Artistically, the game is all over the map. The sound is excellent. The music is the licensed soundtrack from the Naruto anime series and is used very effectively to punctuate the action. The character voice-overs are well done, which is an especially impressive feat considering how many untranslated Japanese terms the English voice cast had to incorporate into the dialogue. Graphically, however, the game could use some work. The characters and enemies translate well into 3D-animated models, but the environments they're traipsing through are the kind of blocky, flat, low-poly worlds that wouldn't be acceptable in a PlayStation 2 game. Landscape colors seem oddly muted and the level design apparently draws its inspiration from the square corridors of the original Doom base on Mars.

In the end, the biggest sin Naruto Shippuden: Legends: Akatsuki Rising commits isn't that it's a particularly bad game. If all you're looking for is some mindless button mashing and lots of unlockables to hunt down, this game will do well enough. The worst thing about Akatsuki Rising is that it's the same mediocre game Naruto fans have been playing in every one of the roughly 16 million Naruto games that have been released. There have certainly been exceptions (Ultimate Ninja Storm comes to mind), but Akatusuki Rising isn't one of them, and it seems like the Naruto faithful deserve better than this one.

Review by Allen Rausch from [Link removed - login to see]" target="">gamespot.com


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Naruto: Uzumaki Chronicles 2 review

Posted : 7 years ago on 9 August 2010 03:58 (A review of Naruto: Uzumaki Chronicles 2)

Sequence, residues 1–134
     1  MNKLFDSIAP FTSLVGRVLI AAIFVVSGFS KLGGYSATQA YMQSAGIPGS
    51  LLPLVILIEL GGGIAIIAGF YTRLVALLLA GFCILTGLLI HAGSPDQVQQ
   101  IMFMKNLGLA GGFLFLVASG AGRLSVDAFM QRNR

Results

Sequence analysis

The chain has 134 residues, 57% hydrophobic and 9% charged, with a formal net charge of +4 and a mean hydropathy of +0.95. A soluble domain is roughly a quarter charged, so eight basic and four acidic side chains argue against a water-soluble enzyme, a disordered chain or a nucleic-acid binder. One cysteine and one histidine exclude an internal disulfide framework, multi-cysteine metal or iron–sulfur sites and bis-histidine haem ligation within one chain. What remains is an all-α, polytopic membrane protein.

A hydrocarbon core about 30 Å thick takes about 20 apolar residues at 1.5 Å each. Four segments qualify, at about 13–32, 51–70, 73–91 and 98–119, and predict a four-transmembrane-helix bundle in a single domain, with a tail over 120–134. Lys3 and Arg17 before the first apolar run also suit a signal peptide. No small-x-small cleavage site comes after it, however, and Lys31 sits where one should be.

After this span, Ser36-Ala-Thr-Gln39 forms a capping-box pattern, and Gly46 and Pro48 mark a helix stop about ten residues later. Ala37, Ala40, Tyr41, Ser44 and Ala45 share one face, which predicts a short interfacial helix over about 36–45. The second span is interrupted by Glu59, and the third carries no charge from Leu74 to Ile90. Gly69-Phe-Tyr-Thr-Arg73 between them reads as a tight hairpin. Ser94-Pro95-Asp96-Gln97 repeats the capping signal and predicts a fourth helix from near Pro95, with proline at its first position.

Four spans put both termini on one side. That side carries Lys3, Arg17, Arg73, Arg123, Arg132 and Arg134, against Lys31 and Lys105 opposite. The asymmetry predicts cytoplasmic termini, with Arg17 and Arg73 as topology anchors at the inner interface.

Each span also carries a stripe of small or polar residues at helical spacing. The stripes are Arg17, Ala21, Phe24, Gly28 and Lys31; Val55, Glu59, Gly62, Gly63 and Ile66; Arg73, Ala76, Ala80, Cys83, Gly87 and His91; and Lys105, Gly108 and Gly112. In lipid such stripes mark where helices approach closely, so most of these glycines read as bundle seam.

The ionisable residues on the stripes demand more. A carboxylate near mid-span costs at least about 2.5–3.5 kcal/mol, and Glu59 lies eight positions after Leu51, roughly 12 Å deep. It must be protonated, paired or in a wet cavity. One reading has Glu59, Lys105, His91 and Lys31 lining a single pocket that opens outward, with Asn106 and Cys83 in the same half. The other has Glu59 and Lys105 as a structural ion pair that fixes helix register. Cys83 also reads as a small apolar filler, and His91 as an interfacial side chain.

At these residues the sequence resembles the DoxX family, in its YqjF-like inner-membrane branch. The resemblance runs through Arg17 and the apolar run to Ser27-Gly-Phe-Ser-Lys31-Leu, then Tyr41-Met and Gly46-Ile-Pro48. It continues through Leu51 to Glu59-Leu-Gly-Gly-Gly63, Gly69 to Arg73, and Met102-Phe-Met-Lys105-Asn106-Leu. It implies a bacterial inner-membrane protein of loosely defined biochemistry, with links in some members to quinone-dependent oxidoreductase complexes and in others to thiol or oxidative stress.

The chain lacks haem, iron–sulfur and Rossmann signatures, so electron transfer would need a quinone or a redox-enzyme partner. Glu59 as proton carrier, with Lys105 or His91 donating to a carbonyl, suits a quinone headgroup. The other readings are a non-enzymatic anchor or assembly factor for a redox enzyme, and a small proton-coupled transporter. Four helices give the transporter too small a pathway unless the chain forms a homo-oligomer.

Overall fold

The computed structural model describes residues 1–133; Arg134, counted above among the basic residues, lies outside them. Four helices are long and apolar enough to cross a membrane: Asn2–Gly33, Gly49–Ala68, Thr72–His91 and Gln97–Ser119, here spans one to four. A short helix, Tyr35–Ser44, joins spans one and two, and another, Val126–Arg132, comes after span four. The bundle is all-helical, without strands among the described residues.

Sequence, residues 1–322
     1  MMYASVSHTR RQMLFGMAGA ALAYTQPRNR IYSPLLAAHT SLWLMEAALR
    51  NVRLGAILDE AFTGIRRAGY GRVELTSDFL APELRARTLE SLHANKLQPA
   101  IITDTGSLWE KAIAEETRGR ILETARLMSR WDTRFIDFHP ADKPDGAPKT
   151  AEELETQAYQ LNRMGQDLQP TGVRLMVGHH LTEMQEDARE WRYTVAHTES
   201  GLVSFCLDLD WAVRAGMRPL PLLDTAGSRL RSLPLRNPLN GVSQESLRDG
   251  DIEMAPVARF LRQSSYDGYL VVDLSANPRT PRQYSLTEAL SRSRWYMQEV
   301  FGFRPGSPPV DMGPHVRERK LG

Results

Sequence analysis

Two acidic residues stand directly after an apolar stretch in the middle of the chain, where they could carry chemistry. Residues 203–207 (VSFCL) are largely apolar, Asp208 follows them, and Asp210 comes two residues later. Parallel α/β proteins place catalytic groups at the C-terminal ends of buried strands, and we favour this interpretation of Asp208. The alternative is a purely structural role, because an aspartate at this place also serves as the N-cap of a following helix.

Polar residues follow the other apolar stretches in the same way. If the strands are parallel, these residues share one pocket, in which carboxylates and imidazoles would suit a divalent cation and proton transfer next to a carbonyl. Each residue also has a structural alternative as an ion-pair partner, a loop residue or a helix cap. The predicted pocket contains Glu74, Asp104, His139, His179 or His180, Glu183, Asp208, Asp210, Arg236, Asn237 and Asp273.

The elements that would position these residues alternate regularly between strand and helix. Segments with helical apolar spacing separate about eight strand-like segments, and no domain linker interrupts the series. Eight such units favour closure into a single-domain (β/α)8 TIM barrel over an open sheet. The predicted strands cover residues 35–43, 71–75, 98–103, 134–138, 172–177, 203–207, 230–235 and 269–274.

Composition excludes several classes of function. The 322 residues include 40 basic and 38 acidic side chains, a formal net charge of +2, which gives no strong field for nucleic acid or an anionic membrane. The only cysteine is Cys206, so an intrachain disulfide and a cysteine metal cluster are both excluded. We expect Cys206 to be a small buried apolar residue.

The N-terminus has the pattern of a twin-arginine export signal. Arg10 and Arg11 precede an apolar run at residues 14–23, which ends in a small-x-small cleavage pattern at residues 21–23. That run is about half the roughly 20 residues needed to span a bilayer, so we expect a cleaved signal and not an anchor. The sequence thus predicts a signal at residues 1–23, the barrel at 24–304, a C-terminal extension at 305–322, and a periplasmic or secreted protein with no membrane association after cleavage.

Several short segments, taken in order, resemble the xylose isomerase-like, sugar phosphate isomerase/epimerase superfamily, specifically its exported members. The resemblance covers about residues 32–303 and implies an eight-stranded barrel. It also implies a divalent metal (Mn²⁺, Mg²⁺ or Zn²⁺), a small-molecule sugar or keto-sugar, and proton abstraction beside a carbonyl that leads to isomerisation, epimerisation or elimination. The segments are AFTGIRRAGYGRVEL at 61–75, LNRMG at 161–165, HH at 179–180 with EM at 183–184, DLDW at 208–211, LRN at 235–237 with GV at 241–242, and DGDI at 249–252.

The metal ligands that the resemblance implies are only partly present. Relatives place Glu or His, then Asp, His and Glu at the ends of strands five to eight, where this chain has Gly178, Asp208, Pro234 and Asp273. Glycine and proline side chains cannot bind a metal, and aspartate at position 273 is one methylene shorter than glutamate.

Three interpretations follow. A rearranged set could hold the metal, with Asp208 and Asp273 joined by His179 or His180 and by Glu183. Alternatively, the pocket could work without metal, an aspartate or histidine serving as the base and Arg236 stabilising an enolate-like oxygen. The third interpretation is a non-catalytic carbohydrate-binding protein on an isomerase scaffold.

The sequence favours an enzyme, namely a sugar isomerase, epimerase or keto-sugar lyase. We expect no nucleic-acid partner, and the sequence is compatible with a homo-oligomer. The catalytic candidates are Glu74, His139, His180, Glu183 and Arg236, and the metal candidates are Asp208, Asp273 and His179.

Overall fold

The Naruto license does little to compensate for this forgettable brawler's undemanding combat and tedious story.

The Good
It's got ninjas fighting robots.
The Bad
Stiflingly boring cutscenes * Combat is overly easy * Story structure is relentlessly repetitive * Multiple playable characters prove totally unnecessary.

Namco Bandai's unrelenting barrage of Naruto-licensed games continues with Naruto: Uzumaki Chronicles 2. It's been roughly nine months since the original Uzumaki Chronicles hit the US, and though the sequel features a few new bells and whistles, these do little to mitigate the fact that the combat's too simple and too easy to be particularly entertaining.

The threat faced in Uzumaki Chronicles 2 stems from the Shirogane clan, a nearly extinct group of ninjas that specializes in puppet mastery. In an attempt to release their master puppet from an ethereal prison, the remaining clan members have been savaging the countryside with their puppet army while looking for a set of mystical orbs. It's not a bad setup for a brawler like this, given that the puppets are basically robots, and robots are some of the finest cannon fodder you'll find. However, once it's up and running, you'll be constantly tormented with cutscenes of characters standing around and talking, all of which seem to drag on forever. Nothing terribly exciting ever happens during these cutscenes, and even the voice actors sound bored. Fortunately, you can skip these sequences without much consequence. Your mission objectives are always spelled out for you, and they usually just involve beating everyone up anyway.